When I began writing in 2017, I labeled my novel about working in radio a fictional memoir, as it was based on my experience but embellished. The original name was The Road to Riches, after a contest where listeners pick up game boards and play along on the air to win prizes. Unfortunately, there are a number of finance books using that title!
As I studied writing it became clear, in order to make it into a real book there had to be character development, structure, plot points, a climax. The Me, Too moments--some which happened to me, others to my peers--could be incriminating. And I wanted to incorporate the universal experience of deejays. It had to be fictionalized.
Rewriting it in third person took two years. During that time, I earned a certificate of literary writing through UW-Madison and attended two of their week-long workshops.
It's hard to believe it's taken so long, yet the process has been necessary. Just yesterday I read an article about writing emotions that helped me improve a scene. I'm not sure when it will be 'done' done, but I'm very pleased with what I have, which is a collective, universal story of radio announcers. It's set in the 1980s, yet rings true to this day.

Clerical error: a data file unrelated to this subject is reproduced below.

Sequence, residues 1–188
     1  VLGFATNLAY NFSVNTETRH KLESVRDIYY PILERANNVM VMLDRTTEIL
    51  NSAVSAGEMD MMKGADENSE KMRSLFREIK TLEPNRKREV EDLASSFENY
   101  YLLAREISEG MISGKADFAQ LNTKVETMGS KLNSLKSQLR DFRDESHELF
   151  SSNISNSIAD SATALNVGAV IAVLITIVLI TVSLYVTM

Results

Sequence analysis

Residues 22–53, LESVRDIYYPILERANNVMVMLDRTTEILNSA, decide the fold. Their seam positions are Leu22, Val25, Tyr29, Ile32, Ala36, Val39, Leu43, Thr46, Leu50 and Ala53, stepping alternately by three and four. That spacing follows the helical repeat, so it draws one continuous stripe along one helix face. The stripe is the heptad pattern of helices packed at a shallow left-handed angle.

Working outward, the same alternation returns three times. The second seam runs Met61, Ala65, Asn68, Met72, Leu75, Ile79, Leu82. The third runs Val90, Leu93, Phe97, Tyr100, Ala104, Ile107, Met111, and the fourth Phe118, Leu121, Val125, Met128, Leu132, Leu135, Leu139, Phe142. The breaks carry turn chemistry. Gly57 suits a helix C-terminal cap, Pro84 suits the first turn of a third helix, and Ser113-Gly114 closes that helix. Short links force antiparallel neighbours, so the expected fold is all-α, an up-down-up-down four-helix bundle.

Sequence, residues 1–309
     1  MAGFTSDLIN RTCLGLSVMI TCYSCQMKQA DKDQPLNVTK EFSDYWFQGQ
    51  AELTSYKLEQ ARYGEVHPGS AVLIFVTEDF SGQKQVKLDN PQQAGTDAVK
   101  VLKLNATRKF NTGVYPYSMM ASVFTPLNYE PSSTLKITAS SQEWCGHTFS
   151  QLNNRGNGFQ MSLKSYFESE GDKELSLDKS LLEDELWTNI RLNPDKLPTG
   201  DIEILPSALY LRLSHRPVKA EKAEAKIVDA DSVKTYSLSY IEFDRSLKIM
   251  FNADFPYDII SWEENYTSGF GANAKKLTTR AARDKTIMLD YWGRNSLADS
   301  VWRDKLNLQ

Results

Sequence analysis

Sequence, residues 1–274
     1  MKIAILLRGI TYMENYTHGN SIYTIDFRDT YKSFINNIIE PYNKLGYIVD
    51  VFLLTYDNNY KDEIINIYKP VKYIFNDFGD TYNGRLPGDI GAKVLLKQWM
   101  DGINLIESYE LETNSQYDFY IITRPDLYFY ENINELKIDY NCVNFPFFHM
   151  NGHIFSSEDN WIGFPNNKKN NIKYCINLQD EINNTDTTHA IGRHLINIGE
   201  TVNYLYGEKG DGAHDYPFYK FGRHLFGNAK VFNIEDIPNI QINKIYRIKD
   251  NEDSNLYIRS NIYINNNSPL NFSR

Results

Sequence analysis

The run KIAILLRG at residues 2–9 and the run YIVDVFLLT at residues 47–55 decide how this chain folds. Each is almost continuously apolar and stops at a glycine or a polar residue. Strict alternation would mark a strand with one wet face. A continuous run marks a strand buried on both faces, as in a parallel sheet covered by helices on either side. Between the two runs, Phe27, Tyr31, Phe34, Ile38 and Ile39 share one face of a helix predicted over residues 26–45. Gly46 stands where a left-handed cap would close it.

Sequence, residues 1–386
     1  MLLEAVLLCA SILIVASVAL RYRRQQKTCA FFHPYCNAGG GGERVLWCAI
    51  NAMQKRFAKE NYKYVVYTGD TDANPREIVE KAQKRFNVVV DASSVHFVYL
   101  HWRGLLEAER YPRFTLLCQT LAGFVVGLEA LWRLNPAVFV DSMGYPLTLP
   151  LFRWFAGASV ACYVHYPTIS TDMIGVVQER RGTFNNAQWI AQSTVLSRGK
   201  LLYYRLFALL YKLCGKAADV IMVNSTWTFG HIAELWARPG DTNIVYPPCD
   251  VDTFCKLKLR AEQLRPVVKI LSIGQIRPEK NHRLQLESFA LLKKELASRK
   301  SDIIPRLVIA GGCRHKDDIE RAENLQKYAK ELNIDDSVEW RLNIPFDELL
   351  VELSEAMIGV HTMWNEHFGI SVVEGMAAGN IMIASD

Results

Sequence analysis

In 2020, after a read-through by a beta reader (who wanted 'more juice') I rewrote many portions, then hired a professional editor, Christopher Chambers, who not only line-edited the book, but skillfully mapped out chapters, outlined each character, and provided a long summary. After that, everything unraveled. I wasn't sure if I could put it back together, but since then I've culled over 50 pages, discovering how a many-page scene that dragged on could be written into an anecdote. I've taken out backstory and added the content into scenes at the beginning. I ditched the ending and wrote a new one. There are less characters and each has their own arc. There are inciting incidents, pinch points, and poetic justice moments. It's been a process of pulling apart, putting back together, then massaging and smoothing.
Last week I wished that before I solicit agents, I could find someone to read it to look for grammar issues and tell me if the inside-radio jokes need to be explained better. Without asking, two friends offered to read the book.
The satisfaction I feel after four years of frustration mixed with excitement is indescribable and I cannot wait to present this book to the world! When? When it's ready! If you'd like to receive a notification when the book is available, shoot me an email.